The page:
# Evaluating currency swaps

Discussion in 'P1.T3. Financial Markets & Products (30%)' started by Hend Abuenein, Sep 6, 2011.

1. ### Hend AbueneinActive Member

Hello David,

When evaluating currency swaps as a portfolio of forward contracts, I saw that both in Schweser notes and Hull's book they net the cash flow of every year (in one currency) then they discount the net to its PV for every year , when all other methodologies of evaluating derivatives and assets tell us to discount cash flows for every leg of contract (do the exchange math for a single currency), sum up PV's then net the sums to obtain the value of the swap.

Why is this particular valuation being done this way?

The two methodologies render entirely different answers.

Thanks

Hend

2. ### David Harper CFA FRMDavid Harper CFA FRM (test)

Hi Hend,

Hull actually, as with interest rate swaps, values a currency swap both ways. (I do think i know what you mean, it is so each for one little difference to create a difference between the two approaches, I never seem to get them to match the first time. But they do).

... the second tab is the currency swap.
The first approach indeed employs the approach to "discount cash flows for every leg of contract (do the exchange math for a single currency), sum up PV's then net the sums to obtain the value of the swap"

The second approach (lower panel) nets the cash flows (after converting one) first; to your point, unlike a regular IRP, this is not how they would net in "real life" as its a currency swap. But this is just the approach that value the swap "as if" it were a series of forward contracts. And, as in the XLS, it really should give the same result. (But, it's so easy to make the smallest mistake and get a different result, there are several points where a difference can be introduced. For one thing, you have to keep the compound frequency straight throughout, is usually where i've made a mistake). Generally, if they differ, it's a model problem.

Thanks, David

3. ### ciaoNew Member

Hi David,

Are you familiar with cross currency basis swap where at every quarter, the fx is reset every quarter? I understand the purpose is to mitigate credit exposure. They've also introduced a break clause at the end to avoid a principle exchange at maturity. Can you elaborate on the mechanics and why such a construction doesn't change the economics, compared to the original format for cross currency basis swap. Thanks in advance.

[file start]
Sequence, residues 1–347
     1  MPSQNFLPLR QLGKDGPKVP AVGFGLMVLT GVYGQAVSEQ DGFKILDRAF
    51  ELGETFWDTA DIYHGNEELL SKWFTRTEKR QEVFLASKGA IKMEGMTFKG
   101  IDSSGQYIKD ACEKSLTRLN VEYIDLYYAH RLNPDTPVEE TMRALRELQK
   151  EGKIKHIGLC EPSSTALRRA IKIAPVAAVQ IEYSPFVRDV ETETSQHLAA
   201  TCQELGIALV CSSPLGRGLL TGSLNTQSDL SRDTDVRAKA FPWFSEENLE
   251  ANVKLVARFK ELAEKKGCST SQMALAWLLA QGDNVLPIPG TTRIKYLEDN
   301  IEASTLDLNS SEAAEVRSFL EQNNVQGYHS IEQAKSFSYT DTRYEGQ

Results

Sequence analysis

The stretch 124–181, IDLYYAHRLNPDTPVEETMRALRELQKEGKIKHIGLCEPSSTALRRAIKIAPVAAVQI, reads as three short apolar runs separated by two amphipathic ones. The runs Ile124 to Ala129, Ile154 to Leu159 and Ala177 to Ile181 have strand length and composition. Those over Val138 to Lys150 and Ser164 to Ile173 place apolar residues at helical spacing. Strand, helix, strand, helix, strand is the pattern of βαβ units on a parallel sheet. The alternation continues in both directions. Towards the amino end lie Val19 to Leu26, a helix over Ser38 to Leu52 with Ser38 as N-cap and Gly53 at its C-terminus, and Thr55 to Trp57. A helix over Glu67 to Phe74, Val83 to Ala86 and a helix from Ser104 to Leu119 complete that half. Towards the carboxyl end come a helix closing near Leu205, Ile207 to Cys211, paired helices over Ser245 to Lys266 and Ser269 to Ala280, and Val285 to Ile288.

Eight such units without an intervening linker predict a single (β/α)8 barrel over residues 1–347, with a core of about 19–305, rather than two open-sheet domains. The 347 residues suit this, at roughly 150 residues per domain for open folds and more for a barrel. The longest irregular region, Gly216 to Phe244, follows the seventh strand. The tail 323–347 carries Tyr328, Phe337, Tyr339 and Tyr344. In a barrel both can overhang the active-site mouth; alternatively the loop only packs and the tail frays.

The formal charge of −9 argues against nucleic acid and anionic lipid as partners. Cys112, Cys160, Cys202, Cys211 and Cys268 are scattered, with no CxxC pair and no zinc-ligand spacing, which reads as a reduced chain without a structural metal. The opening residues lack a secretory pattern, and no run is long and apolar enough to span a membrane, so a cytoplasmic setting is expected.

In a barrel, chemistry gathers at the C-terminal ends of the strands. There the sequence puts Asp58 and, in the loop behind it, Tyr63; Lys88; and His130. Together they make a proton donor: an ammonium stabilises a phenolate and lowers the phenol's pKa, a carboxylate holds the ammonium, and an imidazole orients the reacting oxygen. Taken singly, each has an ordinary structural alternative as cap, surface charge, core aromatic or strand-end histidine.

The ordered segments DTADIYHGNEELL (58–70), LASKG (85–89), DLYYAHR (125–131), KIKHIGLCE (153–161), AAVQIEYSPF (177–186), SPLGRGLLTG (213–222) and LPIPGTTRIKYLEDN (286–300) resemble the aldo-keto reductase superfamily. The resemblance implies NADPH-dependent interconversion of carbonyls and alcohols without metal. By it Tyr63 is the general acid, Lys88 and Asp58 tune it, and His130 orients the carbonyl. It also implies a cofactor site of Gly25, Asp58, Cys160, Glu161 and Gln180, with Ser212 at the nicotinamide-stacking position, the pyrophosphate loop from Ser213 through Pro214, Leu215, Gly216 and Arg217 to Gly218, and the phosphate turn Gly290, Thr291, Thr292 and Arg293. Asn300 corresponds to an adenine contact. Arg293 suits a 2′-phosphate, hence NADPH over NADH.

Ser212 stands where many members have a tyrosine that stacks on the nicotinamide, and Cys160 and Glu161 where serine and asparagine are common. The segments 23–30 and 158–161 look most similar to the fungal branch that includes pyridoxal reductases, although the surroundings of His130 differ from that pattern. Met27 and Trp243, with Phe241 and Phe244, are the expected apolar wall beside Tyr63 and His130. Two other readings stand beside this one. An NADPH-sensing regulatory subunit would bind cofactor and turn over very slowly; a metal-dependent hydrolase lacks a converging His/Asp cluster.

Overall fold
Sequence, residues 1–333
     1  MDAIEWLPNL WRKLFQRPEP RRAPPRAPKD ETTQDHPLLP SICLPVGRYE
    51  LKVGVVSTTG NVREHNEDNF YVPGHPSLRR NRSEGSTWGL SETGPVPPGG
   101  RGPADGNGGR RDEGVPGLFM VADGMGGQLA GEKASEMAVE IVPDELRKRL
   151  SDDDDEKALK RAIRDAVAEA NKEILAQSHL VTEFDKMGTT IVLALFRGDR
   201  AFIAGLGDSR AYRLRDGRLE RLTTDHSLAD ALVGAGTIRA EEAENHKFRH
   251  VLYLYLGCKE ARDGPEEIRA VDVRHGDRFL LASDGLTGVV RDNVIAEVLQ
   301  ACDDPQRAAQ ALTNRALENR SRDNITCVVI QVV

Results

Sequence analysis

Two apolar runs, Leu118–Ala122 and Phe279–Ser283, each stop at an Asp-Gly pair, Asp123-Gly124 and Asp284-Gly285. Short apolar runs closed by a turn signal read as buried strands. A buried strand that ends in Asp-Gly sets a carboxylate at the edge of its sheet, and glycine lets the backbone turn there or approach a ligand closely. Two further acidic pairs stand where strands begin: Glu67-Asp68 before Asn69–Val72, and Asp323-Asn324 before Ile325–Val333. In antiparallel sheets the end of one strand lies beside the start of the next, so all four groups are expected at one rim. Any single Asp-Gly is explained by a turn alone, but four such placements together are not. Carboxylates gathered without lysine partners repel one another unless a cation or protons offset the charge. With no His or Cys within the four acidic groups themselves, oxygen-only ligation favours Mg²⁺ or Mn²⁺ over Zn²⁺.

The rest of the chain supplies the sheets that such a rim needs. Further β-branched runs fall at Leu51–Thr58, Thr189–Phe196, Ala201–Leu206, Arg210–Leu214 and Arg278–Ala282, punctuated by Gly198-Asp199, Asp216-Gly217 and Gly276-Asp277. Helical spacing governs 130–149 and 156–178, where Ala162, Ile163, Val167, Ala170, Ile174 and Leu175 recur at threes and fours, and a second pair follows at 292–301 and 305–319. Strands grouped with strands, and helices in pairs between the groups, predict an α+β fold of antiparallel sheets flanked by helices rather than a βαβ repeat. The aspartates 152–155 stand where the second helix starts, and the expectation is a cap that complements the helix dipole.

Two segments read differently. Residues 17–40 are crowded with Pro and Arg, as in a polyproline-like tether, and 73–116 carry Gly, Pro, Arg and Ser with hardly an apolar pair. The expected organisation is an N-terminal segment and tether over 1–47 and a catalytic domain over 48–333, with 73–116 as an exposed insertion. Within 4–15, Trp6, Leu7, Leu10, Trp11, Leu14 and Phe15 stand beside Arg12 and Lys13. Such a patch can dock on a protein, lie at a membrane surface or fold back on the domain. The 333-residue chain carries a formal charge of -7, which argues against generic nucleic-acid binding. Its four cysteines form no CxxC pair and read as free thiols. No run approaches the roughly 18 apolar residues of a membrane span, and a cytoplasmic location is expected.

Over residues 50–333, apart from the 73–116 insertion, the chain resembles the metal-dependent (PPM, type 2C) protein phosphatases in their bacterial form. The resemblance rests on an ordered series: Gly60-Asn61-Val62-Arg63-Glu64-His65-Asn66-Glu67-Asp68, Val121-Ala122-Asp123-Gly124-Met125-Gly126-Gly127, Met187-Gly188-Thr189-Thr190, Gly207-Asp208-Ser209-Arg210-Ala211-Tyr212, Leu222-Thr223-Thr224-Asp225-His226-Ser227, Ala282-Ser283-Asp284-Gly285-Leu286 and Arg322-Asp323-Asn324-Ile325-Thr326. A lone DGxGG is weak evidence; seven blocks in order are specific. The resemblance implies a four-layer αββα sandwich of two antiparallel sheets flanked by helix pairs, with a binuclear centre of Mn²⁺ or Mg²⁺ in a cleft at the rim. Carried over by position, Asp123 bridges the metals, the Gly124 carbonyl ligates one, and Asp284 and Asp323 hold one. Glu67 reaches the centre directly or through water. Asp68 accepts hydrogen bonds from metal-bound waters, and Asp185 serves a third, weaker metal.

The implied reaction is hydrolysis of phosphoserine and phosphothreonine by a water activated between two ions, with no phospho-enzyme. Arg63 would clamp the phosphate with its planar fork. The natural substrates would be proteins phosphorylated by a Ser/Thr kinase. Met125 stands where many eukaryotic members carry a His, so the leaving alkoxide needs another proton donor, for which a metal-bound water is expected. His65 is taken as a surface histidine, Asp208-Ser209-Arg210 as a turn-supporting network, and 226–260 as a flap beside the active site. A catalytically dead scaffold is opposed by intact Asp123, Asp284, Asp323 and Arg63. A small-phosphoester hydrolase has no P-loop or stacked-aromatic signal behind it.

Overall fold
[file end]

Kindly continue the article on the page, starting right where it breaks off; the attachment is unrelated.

Jimmy

4. ### ShaktiRathoreWell-Known Member

Hi if i can help,
The cross currency basis swap is just another kind of currency swap with floating/floating interest rate on both sides. E.g. A(US resident) exchange 13m $with B(europe resident) of 10m euros and A pays Euribor-basis spread on 10 m euros and B pays A Libor on13m$. B wants to purchase home in US so borrow loan of 13 $in US$ 30 yr mortgage so interest pays are in US$for B who is the resident of europe and faces currency risk each time he would make pays. So Bank in Europe will make a swap that will receive 10 m euro from B and pay Euribor(bank pays for basis spread in case it need dollar funding) on it to B while receiving Libor from B and receive 13m$ from A and pay Libor on this to A while receiving Euribor-basis spread from A thus B has converted euro floating liability to $floating liability by paying Libor on it and the A has converted$ liability to euro liability at a less swap rate of Euribor-basis spread. for more see this link----
I found a useful link on the same:http://www.nakisa.org/bestiary/CrossCurrencyBasisSwap.html

thanks

5. ### ciaoNew Member

Thank you very much. That aspect I am familiar with, which is your conventional construction for cross currency basis swap. However, given the large credit exposure due to principle exchange, banks have redesigned such basis swap to mitigate that credit risk, by introducing quarterly fx resets. That mechanism is new to me and would really appreciate, if someone can clarify that aspect to me. Thanks a lot,

Jimmy

6. ### ShaktiRathoreWell-Known Member

I as per my understanding goes and after some referrel from the net,
The Spot rate movements increases counterparty risk beacuse in a currency swap the NP are exchanges, if european Bank receives xm $from A in US and pays libor on it and receives y m Euros from B in europe and finally Bank needs to pay back the xm$ to A and ym euro to B as agreed in the currency basis swap.Now suppose the forex rate has led to dollar appreciation so that now bank needs to pay more euros for same dollars so that credit risk for A increases as now bank has more euros in liabilities and has more credit than before. To remove this risk the swap contract needs to be resettled at prevailing new spot rate so that the risk of credit risk is not there i.e. avoid more increasing counterpart exposure. In this way forex resettlement tries to diminish the credit risk from further arising.